Frogs muscle in on 'wasting' process
Scientific studies of a unique Australian frog could lead to the development of new ways to improve livestock production levels and boost the prospects of maintaining human muscle strength into old age.
According to CSIRO Livestock Industries' (CLI) post-doctoral fellow, Dr Nick Hudson, the green-striped burrowing frog (Cyclorana alboguttata) can remain buried in mud for months in an inactive state known as 'aestivation', without any effect on its muscles.
Dr Hudson is part of a collaborative team of researchers, from CLI and the University of Queensland (UQ) who hypothesise that the mechanisms underlying the frog's ability to maintain muscle mass despite starvation, could provide natural and novel ways of optimising muscle production from cattle, sheep, pigs and goats.
"This little animal can remain buried in mud for several months, completely inactive, and yet lose no muscle mass or strength," Dr Hudson says.
"If we can understand how the frog does this, we may be able to target specific genes, or develop new treatments, to enhance muscle mass during the growth of livestock species, or to limit muscle loss during times of nutritional deprivation, such as drought."
Similarly, muscle wasting experienced by astronauts, bed-ridden patients and the elderly, could be addressed.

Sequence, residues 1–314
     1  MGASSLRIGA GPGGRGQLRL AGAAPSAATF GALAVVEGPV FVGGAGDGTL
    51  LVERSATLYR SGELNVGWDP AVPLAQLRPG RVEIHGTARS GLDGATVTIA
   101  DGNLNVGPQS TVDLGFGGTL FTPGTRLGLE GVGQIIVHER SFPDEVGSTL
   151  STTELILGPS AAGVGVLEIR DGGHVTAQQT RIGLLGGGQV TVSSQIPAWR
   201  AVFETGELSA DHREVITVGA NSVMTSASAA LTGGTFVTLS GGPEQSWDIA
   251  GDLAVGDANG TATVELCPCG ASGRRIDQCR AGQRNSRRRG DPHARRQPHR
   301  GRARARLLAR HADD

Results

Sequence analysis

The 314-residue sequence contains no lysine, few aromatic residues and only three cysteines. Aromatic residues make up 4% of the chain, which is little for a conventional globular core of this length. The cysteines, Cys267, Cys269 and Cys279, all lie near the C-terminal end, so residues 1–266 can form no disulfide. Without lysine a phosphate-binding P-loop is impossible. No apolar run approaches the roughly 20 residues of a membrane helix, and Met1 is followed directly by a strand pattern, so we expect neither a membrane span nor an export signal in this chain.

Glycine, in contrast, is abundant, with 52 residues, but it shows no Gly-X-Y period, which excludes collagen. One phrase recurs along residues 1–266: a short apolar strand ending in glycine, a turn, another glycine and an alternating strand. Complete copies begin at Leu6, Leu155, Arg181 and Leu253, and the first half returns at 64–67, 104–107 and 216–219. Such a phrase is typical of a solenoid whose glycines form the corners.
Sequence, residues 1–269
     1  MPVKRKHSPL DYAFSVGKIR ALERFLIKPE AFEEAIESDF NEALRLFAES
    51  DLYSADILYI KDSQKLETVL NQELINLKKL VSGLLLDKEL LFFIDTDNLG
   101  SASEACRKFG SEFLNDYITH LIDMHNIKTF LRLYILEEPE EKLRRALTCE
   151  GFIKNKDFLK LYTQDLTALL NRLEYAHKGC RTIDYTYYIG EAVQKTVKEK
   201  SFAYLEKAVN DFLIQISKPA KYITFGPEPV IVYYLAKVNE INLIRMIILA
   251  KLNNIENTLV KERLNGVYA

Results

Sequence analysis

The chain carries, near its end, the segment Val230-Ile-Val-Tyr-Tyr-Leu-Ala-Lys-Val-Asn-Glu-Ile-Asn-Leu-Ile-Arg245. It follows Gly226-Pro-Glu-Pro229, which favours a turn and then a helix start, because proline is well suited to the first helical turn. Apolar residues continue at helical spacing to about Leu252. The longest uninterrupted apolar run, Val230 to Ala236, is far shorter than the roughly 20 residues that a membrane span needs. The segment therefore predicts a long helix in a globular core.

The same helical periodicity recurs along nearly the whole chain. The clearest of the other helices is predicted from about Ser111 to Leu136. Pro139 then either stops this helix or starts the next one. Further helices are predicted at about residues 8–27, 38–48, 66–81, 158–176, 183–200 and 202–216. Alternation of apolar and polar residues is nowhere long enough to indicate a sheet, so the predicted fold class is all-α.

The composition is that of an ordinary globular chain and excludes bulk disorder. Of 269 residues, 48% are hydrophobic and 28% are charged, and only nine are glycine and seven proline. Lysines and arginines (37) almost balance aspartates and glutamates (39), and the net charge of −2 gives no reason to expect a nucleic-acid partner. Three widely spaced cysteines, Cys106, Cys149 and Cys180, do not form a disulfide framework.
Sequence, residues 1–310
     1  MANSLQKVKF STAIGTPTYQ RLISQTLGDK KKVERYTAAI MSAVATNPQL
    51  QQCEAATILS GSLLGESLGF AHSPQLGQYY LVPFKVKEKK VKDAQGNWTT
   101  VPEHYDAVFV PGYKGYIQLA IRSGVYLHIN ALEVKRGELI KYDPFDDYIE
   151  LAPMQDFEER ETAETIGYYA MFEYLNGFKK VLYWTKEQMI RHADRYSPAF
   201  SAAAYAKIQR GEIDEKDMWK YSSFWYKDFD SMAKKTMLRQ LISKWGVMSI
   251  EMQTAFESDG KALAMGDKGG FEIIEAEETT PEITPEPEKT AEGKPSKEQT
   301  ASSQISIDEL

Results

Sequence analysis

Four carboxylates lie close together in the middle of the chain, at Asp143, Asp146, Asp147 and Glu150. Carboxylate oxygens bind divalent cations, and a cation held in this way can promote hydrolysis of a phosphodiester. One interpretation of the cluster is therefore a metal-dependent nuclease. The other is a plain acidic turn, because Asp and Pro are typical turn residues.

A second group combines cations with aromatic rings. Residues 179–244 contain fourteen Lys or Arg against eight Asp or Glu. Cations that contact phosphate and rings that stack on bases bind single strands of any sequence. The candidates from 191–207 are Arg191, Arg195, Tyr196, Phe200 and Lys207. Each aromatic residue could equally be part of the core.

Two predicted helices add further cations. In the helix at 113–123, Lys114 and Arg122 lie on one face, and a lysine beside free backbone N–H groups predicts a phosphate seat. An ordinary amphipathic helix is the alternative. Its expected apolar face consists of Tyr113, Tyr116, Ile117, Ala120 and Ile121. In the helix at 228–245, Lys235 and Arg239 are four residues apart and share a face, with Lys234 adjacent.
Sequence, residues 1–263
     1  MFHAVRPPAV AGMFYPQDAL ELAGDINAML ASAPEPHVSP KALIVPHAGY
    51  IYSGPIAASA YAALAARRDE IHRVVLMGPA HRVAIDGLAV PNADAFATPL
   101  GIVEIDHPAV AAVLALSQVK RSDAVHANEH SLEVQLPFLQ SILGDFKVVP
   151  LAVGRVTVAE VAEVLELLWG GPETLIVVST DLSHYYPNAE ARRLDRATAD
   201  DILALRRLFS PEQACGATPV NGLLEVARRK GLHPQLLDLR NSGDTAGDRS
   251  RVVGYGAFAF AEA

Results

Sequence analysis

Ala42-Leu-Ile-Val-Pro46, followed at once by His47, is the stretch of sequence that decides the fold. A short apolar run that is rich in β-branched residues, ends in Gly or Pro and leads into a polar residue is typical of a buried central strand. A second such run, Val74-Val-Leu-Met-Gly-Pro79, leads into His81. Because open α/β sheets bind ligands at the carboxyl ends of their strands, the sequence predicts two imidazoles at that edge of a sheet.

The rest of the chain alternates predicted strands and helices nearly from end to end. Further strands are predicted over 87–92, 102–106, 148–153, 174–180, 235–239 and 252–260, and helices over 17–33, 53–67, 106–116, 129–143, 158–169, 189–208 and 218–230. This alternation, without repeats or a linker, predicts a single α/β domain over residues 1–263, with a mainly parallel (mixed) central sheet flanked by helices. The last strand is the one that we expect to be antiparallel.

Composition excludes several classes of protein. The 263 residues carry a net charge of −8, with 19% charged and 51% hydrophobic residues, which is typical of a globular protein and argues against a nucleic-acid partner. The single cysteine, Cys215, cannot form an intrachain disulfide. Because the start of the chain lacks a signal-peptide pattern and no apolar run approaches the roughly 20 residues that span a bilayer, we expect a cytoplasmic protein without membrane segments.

"A person forced into similar inactivity, would lose in excess of 90 per cent of their muscle strength. This is both a health burden for global populations and a barrier to space exploration," Dr Hudson says.
Dr Hudson is using microarray technology to compare gene expression in the muscles and other tissues of the frog and cattle. Genes that are active during aestivation will be used to identify related genes in cattle, for further study. Information from the bovine genome sequencing project will assist this process.
The research also aims to provide further insight into the phenomenon of aestivation in the burrowing frog. Current hypotheses suggest that it produces high levels of antioxidants within the muscle, which inhibit muscle protein breakdown normally associated with disuse.
"In aestivation, the frog can lower its metabolic rate by about 90 per cent and - unlike animals undergoing hibernation - it does this while it's still warm," Dr Hudson says.
"There are theories on how this happens, but hopefully our three-year research project will clarify these and define the genes and regulatory networks involved."
Item provided courtesy of CSIRO
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